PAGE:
Melissa and Simon’s presentation highlighted the need for learning technologists to strengthen their representation at an institution-wide level. The pivot saw ‘learning technology’ adopted on a larger scale than ever before. In his keynote, Ethics and Educational Technology, Rob Farrow outlined the FELT Framework and raised the question: Can this framework help learning technologists take a more central/leading role in the ethical, equitable and fair use of technology on an institution-wide basis?
Our own learning consultant, Neil McKeown addresses some of the issues posed in Rob Farrow’s presentation and highlights the need for an evolving approach combining reflections from the personal (practitioners, educators and student users of technology) and institutional level. This fabulous sketch note of the keynote, by James Clay, also provides some insight into the issues covered.
5. How to become digital by default?
Challenge: Creating a new high performing team to respond to the Universities 2030 strategy.
University of Greenwich’s 2030 strategy includes becoming digital by default and the new Digital Pedagogy Team took us through the steps of forming a team to get there in their presentation: Forming, Storming, Norming (Performing?) – a new team’s response to a centralised model combining digital pedagogy with learning technology.
A key takeaway was ‘working out who we aren’t, is as important as who we are’ – as the group identified challenges around identity and purpose. They had to flip Julie Voce’s ‘centralised with separate local teams’ model, as they jettisoned local teams to create the new central team.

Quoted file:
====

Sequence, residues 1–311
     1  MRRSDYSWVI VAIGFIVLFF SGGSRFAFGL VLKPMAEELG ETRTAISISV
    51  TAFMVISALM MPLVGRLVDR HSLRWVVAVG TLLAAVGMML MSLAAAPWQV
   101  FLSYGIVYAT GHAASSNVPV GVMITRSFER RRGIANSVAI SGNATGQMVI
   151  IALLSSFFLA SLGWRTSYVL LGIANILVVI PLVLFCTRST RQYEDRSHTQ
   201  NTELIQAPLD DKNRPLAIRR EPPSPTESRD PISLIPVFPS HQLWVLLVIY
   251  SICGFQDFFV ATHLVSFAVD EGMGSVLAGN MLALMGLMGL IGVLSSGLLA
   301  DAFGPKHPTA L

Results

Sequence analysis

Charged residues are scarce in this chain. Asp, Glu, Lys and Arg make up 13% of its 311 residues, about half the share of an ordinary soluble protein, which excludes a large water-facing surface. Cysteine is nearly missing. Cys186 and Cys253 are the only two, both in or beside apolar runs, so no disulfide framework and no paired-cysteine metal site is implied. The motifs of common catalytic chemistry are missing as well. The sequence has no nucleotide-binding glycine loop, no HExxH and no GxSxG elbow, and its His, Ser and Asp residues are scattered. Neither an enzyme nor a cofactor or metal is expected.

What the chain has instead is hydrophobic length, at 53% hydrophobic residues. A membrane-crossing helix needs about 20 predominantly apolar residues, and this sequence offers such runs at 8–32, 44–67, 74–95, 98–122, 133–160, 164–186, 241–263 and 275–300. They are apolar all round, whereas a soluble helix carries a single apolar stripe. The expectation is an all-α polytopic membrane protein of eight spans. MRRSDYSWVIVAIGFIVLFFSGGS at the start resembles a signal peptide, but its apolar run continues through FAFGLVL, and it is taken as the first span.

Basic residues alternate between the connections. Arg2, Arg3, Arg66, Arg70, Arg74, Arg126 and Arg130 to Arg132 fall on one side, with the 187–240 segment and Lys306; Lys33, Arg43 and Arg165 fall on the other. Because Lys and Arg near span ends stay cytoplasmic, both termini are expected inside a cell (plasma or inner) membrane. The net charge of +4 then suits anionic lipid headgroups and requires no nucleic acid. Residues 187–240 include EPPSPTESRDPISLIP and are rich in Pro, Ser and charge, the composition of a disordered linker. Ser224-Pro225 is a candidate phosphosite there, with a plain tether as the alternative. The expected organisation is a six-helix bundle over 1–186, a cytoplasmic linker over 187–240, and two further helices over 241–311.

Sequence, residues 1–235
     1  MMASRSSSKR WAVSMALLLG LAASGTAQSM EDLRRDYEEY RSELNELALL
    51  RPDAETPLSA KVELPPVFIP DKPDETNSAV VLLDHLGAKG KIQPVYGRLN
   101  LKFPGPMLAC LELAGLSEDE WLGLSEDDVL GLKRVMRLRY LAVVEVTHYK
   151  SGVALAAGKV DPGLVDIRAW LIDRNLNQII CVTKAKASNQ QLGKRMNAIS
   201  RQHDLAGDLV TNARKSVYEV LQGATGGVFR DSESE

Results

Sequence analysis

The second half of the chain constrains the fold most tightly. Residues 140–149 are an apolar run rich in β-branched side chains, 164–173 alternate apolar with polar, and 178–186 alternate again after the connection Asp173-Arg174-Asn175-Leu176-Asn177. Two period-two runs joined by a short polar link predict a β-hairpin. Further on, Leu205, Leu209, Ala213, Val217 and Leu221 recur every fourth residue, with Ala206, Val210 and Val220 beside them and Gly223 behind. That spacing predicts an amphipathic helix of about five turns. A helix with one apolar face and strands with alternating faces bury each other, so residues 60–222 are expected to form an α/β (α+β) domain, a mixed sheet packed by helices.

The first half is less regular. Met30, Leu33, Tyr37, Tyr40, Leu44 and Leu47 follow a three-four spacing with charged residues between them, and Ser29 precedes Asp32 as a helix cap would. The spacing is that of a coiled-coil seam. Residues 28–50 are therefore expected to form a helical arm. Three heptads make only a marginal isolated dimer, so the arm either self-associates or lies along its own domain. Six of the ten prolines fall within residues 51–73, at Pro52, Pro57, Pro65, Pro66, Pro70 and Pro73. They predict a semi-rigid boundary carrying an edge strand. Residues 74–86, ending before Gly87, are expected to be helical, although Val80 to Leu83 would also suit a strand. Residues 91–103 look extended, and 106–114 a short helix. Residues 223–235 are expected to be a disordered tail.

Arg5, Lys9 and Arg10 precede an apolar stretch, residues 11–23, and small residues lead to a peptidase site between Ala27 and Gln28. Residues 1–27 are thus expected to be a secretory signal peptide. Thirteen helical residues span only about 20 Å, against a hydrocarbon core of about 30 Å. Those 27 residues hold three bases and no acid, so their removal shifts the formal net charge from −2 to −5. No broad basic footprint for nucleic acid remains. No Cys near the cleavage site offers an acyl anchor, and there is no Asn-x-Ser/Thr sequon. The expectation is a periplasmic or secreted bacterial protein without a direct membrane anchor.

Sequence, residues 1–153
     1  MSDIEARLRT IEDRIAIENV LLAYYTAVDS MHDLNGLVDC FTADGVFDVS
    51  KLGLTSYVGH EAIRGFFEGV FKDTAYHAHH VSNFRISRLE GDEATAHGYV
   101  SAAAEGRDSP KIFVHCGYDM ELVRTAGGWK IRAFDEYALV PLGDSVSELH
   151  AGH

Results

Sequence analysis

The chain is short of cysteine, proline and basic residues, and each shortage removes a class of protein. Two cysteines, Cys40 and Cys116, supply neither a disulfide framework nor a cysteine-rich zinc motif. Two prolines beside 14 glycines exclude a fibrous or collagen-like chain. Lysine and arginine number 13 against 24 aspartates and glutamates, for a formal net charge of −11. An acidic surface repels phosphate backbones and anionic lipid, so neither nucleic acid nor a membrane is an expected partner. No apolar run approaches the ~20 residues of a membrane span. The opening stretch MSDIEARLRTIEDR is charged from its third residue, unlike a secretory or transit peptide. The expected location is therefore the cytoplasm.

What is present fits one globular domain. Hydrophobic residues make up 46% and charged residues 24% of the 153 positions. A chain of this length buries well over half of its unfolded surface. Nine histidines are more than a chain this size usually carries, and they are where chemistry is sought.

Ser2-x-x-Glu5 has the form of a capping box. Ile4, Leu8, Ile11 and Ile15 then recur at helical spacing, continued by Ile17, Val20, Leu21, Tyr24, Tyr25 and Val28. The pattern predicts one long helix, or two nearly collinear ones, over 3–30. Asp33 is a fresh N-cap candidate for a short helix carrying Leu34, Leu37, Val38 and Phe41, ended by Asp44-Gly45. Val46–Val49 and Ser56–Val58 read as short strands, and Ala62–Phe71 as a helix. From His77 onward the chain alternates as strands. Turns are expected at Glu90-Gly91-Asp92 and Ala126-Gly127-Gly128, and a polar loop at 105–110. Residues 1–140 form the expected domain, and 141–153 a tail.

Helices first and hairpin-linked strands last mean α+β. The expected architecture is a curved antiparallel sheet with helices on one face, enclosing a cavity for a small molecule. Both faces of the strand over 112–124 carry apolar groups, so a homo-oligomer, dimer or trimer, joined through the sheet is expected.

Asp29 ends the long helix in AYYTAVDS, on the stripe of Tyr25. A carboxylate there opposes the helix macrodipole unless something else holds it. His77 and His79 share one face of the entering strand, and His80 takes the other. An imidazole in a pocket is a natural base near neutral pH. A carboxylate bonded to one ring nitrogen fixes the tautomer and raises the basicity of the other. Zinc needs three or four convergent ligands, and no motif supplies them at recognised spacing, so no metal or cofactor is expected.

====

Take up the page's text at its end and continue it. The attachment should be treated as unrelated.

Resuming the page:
6. How to make students true partners?
Challenge: Ensuring that students have the opportunity to provide their insights into teaching and learning.
It was great to hear the student voice from Imperial College London, in their talk: “Student partnerships within a multidisciplinary team to enhance digital learning resources in medical education”. Medical students presented to the conference on their partnership work with their Digital Development Group. The students expressed how they felt valued and listened to as they observed the changes made by the Medical School in response to their contributions. This collaborative approach helps with ongoing motivation. The staff reflected that the student partnerships were beneficial to both students and staff, making some digital practices more engaging and effective.
7. How to take all the lovely SWAG from ALTC home?
We could think of no better way than in a much-coveted Millican rucksack. The PebblePad competition to win the luxury PebblePad bag was won by Cat Bazela.
Learning technologists are smart, friendly (ALTC is a fun event) and dedicated to continuously improving the learning experience for students. Listening to the presentations, it’s clear the strongest thread (whether in a faculty or central department) pulling them together is the shared purpose to put student-centred learning and best practice pedagogy (whether online, blended or hybrid) first.
Perhaps the biggest challenge of all is self-promotion. How to ensure the ‘learning technology’ perspective putting students’ learning and outcomes first is heard when institutions build and set out institution-wide initiatives and their ‘digital by default’ strategy. With that in mind I’ve very much looking forward to next year’s conference to learn about how learning technologists are leading the conversation on Institutions’ ambitions to improve student equity & experience, future readiness, academic integrity in assessment, managing need for pedagogical flexibility and professional accreditation.